Leer en Español
The effects of Russia’s invasion of Ukraine should include profound changes in U.S. foreign policy, both in Europe and in the Indo-Pacific. But the Biden administration will continue to get clinging, as far as it can, to Obama’s accommodating China policy. Domestic pressures for a global strategic response from Washington to Beijing’s hegemonic ambitions depend on the Democratic administration facing a Republican-majority House of Representatives after the mid-term congressional elections, while external pressures are already coming from allies in the Indo-Pacific.
Biden will not renounce the Obama dual policy of competition and cooperation towards China and will continue to cling to a sterile pursuit of constructive engagement with Beijing. The new Indo-Pacific strategy announced in February focused on “addressing climate change” and made no mention of Beijing’s aggressive destabilizing actions. The document only mentions Washington’s continued diplomatic and military cooperation with its allies and diplomatic and military assistance to Taiwan, in a tone that avoids Beijing’s “red lines.”
A comprehensive strategic shift would necessarily involve strengthening the Justice Department’s Initiative to identify and prosecute Beijing’s trade secret theft, piracy and economic espionage, as well as to protect critical infrastructure from potential Chinese threats and reveal covert Chinese efforts to influence U.S. lawmakers. But Attorney General Garland announced that such an initiative is under review and the initiative’s website has not been updated in months, which seems to indicate that it would be frozen.
The Democratic-majority House of Representatives recently passed the COMPETES Act, that discussion opened the opportunity for a bipartisan consensus on American security and competitiveness in the face of the complex challenges posed by Beijing’s imperial policies. A missed opportunity as the bill barely mentions Beijing and limits itself to a series of domestic and climate policies.
A dissenting voice in the administration itself was that of FBI Director Christopher Wray, when on January 31 he declared:
“The Chinese government’s disregard for the norms of global leadership, ruthless hunger for economic superiority, and its desire to influence U.S. policy make it a threat to U.S. national security.”
There are expert warnings, for example, in its March 1 update a Congressional Research Service -CRS- report titled Renewed Great Power Competition Implications for Defense states:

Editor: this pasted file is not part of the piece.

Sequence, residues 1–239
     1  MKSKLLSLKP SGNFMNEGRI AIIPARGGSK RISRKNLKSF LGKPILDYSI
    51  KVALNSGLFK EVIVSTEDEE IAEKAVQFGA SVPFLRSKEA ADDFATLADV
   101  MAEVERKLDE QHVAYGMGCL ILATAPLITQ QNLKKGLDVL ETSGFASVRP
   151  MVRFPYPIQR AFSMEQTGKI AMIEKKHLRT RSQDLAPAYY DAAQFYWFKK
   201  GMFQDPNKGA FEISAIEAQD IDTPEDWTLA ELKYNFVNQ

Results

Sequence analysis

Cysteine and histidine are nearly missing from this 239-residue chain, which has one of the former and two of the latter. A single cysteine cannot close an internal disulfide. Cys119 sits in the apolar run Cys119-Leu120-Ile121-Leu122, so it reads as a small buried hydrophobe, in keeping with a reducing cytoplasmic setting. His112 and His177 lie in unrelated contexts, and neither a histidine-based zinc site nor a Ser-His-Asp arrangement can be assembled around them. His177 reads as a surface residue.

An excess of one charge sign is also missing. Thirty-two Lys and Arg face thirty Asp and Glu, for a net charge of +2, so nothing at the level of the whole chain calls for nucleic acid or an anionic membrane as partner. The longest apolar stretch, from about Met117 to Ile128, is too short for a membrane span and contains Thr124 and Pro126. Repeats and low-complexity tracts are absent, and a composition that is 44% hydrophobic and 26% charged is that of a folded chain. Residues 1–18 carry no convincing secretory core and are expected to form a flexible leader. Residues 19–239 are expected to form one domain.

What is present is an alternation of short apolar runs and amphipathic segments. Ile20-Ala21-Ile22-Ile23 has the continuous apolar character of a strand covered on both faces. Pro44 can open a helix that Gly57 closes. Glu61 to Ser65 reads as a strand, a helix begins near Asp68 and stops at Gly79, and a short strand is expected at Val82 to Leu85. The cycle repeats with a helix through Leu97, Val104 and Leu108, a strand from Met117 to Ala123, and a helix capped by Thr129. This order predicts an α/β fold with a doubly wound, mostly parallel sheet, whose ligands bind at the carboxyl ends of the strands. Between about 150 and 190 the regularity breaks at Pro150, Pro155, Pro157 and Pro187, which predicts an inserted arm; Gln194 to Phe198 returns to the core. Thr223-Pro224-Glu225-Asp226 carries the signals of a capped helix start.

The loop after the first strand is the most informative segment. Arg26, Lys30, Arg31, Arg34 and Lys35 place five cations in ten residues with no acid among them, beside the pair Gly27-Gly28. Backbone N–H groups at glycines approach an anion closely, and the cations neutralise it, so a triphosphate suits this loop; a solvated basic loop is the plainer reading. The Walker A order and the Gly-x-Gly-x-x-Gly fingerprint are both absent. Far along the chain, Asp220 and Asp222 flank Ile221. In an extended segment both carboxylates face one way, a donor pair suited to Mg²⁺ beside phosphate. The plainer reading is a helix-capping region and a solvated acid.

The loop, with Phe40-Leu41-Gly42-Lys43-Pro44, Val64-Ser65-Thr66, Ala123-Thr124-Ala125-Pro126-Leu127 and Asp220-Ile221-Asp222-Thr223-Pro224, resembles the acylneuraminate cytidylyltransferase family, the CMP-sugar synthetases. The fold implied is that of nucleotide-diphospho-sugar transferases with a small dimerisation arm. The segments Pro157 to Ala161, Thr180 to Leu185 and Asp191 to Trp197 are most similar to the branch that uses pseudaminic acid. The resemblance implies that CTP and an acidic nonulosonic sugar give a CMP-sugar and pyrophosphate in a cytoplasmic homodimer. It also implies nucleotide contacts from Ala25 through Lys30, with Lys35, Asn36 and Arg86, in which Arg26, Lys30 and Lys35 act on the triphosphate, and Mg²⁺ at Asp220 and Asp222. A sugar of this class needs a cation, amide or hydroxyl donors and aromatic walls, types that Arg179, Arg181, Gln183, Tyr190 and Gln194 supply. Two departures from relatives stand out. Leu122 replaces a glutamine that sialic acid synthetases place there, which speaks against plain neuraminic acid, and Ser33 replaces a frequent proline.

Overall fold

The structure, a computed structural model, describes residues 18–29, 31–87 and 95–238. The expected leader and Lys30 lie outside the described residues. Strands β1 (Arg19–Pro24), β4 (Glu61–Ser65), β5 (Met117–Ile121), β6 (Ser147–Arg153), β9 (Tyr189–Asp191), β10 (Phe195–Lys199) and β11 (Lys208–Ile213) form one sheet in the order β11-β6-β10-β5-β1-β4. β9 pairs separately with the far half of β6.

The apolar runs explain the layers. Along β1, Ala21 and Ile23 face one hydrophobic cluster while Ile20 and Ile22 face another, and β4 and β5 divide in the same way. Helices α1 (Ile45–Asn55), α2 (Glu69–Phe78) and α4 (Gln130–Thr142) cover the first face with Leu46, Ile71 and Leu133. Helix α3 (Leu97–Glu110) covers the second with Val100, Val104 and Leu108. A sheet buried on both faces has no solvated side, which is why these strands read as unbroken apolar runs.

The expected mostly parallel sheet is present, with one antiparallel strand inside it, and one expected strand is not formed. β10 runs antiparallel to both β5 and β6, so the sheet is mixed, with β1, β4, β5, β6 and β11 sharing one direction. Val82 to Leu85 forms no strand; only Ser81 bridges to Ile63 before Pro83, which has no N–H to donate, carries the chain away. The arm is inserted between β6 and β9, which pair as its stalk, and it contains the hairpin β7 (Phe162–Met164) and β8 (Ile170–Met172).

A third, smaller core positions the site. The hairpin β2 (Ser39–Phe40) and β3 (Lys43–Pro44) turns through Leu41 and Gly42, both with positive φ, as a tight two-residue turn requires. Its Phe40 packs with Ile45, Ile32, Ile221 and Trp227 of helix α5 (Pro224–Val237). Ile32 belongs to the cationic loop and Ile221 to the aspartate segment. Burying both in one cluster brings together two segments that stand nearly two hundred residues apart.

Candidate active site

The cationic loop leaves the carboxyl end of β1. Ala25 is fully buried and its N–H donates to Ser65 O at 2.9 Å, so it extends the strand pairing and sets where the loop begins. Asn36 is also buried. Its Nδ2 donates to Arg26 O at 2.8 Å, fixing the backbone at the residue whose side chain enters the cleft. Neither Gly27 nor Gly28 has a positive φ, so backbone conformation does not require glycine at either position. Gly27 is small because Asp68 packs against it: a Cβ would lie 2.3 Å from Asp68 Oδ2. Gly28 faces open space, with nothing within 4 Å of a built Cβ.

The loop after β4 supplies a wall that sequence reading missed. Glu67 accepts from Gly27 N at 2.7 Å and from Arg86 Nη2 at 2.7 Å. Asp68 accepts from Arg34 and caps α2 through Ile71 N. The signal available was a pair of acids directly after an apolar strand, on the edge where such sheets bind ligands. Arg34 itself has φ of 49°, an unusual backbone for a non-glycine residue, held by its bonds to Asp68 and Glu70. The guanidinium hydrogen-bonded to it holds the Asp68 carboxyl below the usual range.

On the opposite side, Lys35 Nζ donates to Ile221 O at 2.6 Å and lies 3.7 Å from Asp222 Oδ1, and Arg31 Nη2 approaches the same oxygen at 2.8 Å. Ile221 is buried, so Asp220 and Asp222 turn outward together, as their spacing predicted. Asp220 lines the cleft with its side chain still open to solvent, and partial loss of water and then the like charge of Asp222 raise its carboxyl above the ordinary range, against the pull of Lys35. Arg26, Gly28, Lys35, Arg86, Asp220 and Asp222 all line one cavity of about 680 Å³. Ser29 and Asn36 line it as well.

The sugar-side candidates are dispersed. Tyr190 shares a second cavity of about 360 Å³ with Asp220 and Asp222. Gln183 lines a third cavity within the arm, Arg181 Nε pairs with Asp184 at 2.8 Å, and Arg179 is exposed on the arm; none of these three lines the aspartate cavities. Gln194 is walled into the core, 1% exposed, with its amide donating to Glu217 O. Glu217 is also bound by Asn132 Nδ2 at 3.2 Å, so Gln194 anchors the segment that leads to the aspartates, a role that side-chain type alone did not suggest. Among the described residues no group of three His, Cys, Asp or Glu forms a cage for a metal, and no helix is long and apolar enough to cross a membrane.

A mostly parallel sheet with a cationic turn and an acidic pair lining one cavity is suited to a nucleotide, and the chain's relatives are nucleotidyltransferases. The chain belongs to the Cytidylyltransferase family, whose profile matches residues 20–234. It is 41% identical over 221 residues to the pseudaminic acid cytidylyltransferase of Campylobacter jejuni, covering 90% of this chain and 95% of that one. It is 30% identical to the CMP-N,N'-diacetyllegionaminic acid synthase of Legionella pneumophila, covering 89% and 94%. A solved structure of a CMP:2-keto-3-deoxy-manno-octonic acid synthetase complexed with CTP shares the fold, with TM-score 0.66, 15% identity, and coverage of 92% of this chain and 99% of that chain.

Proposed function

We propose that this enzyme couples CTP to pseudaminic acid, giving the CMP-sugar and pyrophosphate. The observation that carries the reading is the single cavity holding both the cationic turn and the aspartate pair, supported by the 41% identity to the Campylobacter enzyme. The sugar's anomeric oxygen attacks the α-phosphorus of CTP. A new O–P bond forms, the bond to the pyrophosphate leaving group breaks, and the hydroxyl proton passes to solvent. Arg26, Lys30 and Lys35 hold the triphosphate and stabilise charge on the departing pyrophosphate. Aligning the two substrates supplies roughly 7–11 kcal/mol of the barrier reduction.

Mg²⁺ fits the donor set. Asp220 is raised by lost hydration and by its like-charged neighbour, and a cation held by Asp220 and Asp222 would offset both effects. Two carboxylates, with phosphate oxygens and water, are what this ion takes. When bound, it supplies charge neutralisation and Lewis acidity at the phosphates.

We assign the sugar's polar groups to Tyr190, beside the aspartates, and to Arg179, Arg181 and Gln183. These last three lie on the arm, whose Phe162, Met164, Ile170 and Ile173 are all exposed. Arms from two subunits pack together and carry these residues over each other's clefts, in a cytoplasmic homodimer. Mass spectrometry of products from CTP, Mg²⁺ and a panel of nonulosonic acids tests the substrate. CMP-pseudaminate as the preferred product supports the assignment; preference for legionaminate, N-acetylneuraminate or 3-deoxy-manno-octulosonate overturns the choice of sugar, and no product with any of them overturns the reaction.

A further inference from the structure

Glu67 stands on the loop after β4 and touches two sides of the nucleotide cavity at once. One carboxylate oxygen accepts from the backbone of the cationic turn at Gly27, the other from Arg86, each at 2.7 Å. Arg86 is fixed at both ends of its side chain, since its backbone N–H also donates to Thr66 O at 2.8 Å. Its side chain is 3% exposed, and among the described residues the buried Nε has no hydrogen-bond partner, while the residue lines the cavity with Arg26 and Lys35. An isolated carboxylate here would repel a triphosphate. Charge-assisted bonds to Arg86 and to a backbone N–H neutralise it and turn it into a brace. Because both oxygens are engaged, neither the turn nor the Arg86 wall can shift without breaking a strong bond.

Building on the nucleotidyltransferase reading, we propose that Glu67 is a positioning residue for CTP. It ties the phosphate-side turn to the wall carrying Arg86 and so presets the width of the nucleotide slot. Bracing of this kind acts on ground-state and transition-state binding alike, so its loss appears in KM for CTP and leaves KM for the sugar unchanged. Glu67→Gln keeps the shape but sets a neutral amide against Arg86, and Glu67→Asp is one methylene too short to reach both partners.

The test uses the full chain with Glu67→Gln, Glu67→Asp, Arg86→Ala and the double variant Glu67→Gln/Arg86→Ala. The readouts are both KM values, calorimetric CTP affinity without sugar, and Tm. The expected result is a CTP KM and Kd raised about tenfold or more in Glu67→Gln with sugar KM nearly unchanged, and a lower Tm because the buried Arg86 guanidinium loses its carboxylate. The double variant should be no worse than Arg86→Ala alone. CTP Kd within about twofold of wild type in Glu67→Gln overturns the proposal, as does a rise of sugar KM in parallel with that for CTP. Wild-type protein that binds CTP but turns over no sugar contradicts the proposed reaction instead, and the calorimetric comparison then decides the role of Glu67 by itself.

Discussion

“The emergence of competition from great powers such as China and Russia have profoundly changed the discussion of U.S. defense issues from the one, we had in the post-Cold War era (…) China’s nuclear weapons capabilities are currently more modest than Russia’s, but China is reportedly modernizing and rapidly building up its nuclear forces as part of its overall military modernization effort.”
The Biden administration insists on prioritizing the pursuit of Chinese cooperation in “global climate action” despite Beijing’s rejection of it, dismissing Washington’s environmental urgency. The Obama administration persisted in its policy of competition and cooperation with no other result than to weaken the U.S. position vis-à-vis Beijing and Biden is sticking to the same policy. If the mid-term elections yield a Republican majority in the House, Representatives Mike Rogers and Michael McCaul would likely chair the Foreign Affairs and Armed Services Committees pushing for a Global Strategic Response to China. But without a Republican majority in the Senate, Biden would keep his China policy largely intact.
A cowardly attitude in the face of the influence of the neo-Marxist wing in Democratic politics, domestic and foreign failures and growing unpopularity would be a regrettable explanation, but with the Bush, Pelosi and Biden families’ business dealings with China revealed by Peter Schweizer in his book “Red Handed: How American Elites are Helping China Win” (which I recently reviewed) Biden’s insistence on “business as usual” with China looks even worse.
To keep up with major developments from our reporters, sign up for El American’s free daily newsletter.
Guillermo Rodríguez is a professor of Political Economy in the extension area of the Faculty of Economic and Administrative Sciences at Universidad Monteávila, in Caracas. A researcher at the Juan de Mariana Center and author of several books // Guillermo es profesor de Economía Política en el área de extensión de la Facultad de Ciencias Económicas y Administrativas de la Universidad Monteávila, en Caracas, investigador en el Centro Juan de Mariana y autor de varios libros